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They're back: Cormorants on the remains of a bridge pier near Surendorf on the Kiel Fjord

Photo: Axel Heimken / dpa

Cormorants are increasing, cod remain scarce – is there a connection here? Researchers now want to find out in a large-scale study on the western Baltic Sea. To do this, they will analyze the excretions of birds in Schleswig-Holstein, Mecklenburg-Western Pomerania and Denmark, said fisheries expert Christopher Zimmermann of the German Press Agency.

Fishermen in particular suspect that cormorants are largely responsible for the decline in the population by eating young cod. They therefore demanded that action be taken against the birds. Zimmermann, head of the Thünen Institute of Baltic Sea Fisheries in Rostock, was less convinced.

After the birds had almost become extinct, mainly due to environmental pollution, their population had recovered to such an extent that their protection status is no longer justified according to Zimmermann's personal assessment. "But to decimate them now in any way, without knowing what influence they have at all, in the absence of data, makes no sense at all from our point of view."

Cod fishing prohibited

The study, financed by the state of Schleswig-Holstein, is scheduled to start in the summer. The project is coordinated by the Institute of Inland Fisheries in Potsdam-Sacrow. For example, the Thünen Institute is responsible for population modelling and age determination of the fish. German and Danish ornithologists are also involved. On the basis of indigestible fish residues in the excreta, it is to be determined what the animals have eaten. In addition, an attempt will be made to develop an automated method using genetic analysis.

Along with the herring of the western Baltic Sea, cod was traditionally considered one of the bread fish of the German Baltic Sea fishermen and was important for their livelihood. In the meantime, its population has been decimated to such an extent that it can no longer be caught in a targeted manner.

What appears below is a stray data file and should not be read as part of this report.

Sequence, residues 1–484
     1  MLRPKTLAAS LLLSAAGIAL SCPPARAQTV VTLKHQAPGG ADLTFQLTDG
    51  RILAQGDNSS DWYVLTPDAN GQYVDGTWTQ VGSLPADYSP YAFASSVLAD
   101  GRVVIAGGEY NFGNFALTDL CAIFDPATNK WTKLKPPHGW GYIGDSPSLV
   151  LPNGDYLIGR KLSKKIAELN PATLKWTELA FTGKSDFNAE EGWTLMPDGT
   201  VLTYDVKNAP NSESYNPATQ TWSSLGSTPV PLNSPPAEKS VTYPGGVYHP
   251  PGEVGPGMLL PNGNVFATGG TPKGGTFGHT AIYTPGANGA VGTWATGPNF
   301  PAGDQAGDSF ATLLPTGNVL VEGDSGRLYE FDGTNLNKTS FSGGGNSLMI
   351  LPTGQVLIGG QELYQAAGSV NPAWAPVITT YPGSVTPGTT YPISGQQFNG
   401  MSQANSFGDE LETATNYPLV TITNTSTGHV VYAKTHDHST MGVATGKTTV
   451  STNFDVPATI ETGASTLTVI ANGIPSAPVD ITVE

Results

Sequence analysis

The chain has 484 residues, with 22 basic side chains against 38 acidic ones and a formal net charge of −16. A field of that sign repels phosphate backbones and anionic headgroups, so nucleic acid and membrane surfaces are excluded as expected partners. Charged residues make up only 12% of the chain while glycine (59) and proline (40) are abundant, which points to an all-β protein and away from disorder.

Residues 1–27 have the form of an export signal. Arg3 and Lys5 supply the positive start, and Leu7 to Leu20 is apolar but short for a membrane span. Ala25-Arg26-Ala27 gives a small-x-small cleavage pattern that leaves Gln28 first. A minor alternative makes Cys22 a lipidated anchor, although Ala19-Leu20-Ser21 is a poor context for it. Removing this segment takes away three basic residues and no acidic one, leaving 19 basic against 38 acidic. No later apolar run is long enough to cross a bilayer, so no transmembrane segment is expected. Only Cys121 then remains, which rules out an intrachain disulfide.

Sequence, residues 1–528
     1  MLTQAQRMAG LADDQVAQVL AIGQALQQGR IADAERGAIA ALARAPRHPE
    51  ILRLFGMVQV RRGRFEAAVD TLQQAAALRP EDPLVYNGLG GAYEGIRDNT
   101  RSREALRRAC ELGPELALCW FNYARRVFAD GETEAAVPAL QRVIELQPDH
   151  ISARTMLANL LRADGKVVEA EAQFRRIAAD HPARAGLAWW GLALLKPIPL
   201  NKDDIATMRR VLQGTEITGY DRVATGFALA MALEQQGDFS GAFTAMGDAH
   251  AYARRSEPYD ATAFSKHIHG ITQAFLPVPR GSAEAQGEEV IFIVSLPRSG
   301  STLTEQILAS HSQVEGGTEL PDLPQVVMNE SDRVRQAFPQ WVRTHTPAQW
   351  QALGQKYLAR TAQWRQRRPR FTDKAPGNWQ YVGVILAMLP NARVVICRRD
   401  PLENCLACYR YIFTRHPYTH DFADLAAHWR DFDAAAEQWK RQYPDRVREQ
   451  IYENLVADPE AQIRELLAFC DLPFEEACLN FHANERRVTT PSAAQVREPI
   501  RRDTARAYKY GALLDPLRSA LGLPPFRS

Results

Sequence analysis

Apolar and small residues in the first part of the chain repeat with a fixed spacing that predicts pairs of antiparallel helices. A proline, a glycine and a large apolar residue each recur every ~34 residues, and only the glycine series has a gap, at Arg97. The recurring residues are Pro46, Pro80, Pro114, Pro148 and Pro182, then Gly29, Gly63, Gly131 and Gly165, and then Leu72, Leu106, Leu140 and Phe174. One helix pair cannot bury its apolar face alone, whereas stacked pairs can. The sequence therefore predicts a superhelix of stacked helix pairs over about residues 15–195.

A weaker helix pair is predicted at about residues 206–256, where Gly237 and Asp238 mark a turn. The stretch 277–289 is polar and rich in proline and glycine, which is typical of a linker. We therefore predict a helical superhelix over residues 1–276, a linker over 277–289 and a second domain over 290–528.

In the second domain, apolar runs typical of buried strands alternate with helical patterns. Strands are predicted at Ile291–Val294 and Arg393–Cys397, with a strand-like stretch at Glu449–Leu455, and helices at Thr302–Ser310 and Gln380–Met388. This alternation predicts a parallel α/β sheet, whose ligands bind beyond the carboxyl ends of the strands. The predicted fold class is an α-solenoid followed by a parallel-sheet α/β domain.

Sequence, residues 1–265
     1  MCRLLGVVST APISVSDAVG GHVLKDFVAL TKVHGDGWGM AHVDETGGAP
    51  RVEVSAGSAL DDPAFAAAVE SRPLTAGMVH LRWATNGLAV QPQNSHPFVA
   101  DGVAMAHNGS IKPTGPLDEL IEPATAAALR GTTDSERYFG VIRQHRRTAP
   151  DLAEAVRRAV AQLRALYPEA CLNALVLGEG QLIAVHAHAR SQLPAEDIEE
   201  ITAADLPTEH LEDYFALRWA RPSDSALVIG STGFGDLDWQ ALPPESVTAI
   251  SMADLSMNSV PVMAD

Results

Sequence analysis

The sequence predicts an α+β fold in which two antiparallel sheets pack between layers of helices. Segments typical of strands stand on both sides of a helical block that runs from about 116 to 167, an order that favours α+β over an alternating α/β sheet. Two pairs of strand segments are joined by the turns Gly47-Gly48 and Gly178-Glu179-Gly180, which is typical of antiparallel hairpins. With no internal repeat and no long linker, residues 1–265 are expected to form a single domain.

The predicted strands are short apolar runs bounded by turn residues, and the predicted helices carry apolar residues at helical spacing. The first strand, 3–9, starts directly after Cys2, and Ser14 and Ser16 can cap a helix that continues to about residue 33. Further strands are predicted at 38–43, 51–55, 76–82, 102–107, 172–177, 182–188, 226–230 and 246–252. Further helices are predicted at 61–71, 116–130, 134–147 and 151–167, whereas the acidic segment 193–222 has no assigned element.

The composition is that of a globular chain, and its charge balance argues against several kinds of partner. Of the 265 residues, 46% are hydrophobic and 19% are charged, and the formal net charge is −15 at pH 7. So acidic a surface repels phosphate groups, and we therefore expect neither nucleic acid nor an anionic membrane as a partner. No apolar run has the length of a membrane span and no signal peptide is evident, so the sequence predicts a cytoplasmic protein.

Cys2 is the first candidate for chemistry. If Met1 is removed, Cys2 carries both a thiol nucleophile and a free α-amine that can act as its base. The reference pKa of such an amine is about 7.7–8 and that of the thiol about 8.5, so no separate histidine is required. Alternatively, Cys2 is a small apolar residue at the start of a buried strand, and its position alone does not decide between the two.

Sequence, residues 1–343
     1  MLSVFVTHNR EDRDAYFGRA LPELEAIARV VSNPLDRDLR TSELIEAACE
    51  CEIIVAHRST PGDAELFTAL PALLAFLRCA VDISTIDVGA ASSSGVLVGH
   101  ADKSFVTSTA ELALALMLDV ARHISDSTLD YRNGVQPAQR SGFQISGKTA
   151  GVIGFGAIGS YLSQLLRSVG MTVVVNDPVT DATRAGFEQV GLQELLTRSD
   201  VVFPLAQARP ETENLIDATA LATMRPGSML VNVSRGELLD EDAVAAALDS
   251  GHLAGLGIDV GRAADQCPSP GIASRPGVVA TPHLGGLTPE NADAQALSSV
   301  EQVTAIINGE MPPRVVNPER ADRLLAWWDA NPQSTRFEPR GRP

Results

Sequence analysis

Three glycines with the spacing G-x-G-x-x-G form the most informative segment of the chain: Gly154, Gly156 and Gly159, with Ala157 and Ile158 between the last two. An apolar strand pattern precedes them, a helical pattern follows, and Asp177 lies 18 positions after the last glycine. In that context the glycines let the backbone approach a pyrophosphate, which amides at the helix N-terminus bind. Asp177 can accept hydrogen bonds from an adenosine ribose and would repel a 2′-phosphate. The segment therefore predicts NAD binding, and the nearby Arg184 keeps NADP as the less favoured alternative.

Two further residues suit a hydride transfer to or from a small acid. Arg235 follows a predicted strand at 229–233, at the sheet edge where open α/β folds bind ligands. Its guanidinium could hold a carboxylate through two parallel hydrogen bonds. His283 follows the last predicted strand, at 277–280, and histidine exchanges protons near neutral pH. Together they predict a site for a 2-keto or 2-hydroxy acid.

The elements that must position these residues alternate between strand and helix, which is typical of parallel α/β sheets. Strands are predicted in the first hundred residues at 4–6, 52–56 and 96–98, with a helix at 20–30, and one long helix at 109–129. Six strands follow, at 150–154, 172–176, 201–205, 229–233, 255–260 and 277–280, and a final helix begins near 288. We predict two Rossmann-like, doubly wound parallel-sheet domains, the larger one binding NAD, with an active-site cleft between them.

According to Zimmermann, data shows that there are always years with more young people – as was the case last year. By the time it grows to a size that is relevant for fisheries, however, a large part is missing again. Thus, the greatest mortality could occur between the ages of one and three years.

Researchers point to other reasons

"Our hypothesis is that it is due to the environmental conditions, i.e. above all to excessive warming of the surface layer and too little oxygen at depth, and that these phases are becoming longer and longer," said Zimmermann. Such conditions are very stressful for the animals, which then require an extremely large amount of energy. If there is a lack of appropriate food, the animals die.

Last week, the International Council for the Exploration of the Sea (ICES) published its recommendations for the EU Commission on setting catches in the Baltic Sea. In the case of herring and cod of the western Baltic Sea, a closure of the fishery is still recommended, said Zimmermann, who is an ICES member. Politicians had recently followed suit, with a few exceptions for herring and by-catch quantities for cod. Zimmermann expects this to happen in 2024 as well, and the responsible EU ministers will decide on this in October.

According to Zimmermann, there is reason for hope for herring: In 2022, the third strongest young cohort of the past 19 years was recorded in the Greifswald Bodden, which is considered a herring nursery. "We'll have to see if it really gets through." Thus, there is still no all-clear. "But it's going in the right direction." Zimmermann hopes that it may be possible to deviate from a zero-catch recommendation for herring from the western Baltic Sea as early as 2025. "And then the quotas will rise again very slowly."